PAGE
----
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Getting back on the road.

By Batchy, Mar 7, 2016 | |
  1. So after a long time away from bike ownership, I took the plunge.
    Thanks to my amazing wife, she encouraged me to "invest".

    Over the past few years, I've had a chance to ride different bikes, mostly loaners from friends and dealers.
    For example, a friend almost gave away motorcycling because of a bad back. He offered me the use of his Harley 1500 Springer.
    Many years ago, well, a long time ago when I was only a teenager, a mate I worked with, had an ex-US army Harley 750 (from memory). He gave me a quick loan, just up and down the street. Straightaway, I was taken by the low seat and oodles of torque. My bike at the time was an SL125 Honda, so anything bigger than that was going to leave me impressed.
    When my friend gave me the use of his Springer for a few weeks, how could I say No?
    Oddly enough, prior to that, I'd recently purchased some gear. I had a helmet, jacket and gloves and my wife had a set too. Maybe the yearning for a bike had been festering longer than I thought.
    For a freebie, the Harley was nice but long term ownership I knew, would leave me dissatisfied.
    It was fast enough, but honestly, it felt agricultural and lacking in refinement. Two-up, it was OK, but the frame twisted in corners and the exhaust noise got really annoying. I know you Harley guys are going to say I've missed the point, but each to their own. I was kinda happy to give it back, but grateful for his generosity.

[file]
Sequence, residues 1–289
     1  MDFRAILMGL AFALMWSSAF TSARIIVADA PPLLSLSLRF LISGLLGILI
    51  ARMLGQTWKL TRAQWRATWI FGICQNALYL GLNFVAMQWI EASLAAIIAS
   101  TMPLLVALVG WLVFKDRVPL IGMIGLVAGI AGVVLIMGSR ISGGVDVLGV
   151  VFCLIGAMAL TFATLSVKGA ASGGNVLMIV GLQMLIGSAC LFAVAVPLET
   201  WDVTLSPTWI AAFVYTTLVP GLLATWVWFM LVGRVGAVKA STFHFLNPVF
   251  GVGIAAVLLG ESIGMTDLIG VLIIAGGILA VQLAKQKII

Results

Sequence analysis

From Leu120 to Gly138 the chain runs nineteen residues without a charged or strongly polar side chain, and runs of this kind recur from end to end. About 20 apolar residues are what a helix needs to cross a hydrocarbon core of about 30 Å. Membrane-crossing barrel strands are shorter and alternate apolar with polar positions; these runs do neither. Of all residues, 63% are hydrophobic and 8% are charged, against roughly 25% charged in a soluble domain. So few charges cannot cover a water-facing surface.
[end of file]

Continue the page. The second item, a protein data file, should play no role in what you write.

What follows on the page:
The one thing that stuck with me was the yearning.

    A few months later, my Harley mate phoned. He said his back was greatly improved and wondered if my wife and I would like a weekend away with him and his wife. He offered to loan me his bike because he had a weekend loaner, an Indian Chief Vintage. Again, how could I say No? We had a great weekend, touring through the Gold Coast hinterland one day, then the NSW North Coast the next. We stopped often for coffee breaks and stayed at comfortable accommodation. The weather was perfect. The Springer didn't miss a beat, and we even enjoyed the agricultural, noisy ride. We rode a part of the way on the Indian, enough to appreciate the comfort and nostalgia of the big 1800 thumper. Sitting in the calm air behind the big screen, laid back in the cruising seats was a great experience.
    And the yearning grew.

    In January this year, I travelled to Tasmania on business. My youngest son lives there and said, "Hey Dad, wanna go for a ride with me?" I admit to a tinge of jealousy. He earns better money than me, is less than half my age and owns a bike. When he was living at home in Brisbane, he bought his first bike, a Honda CBR250 Repsol replica. It was his LAMS bike. The thing had an 18,000rpm redline. I was amazed how willingly it wanted to rev. Over 10,000rpm, it seemed to hit a power-band and would just bolt. He crashed it several times; low-speed stuff but it worried me enough to be glad he eventually sold it. We worked on it together, putting the fairing back together or replacing engine covers. I rode it a few times and it was a heap of fun. It was easy to see its racing heritage. It liked to rev and could take corners with confidence.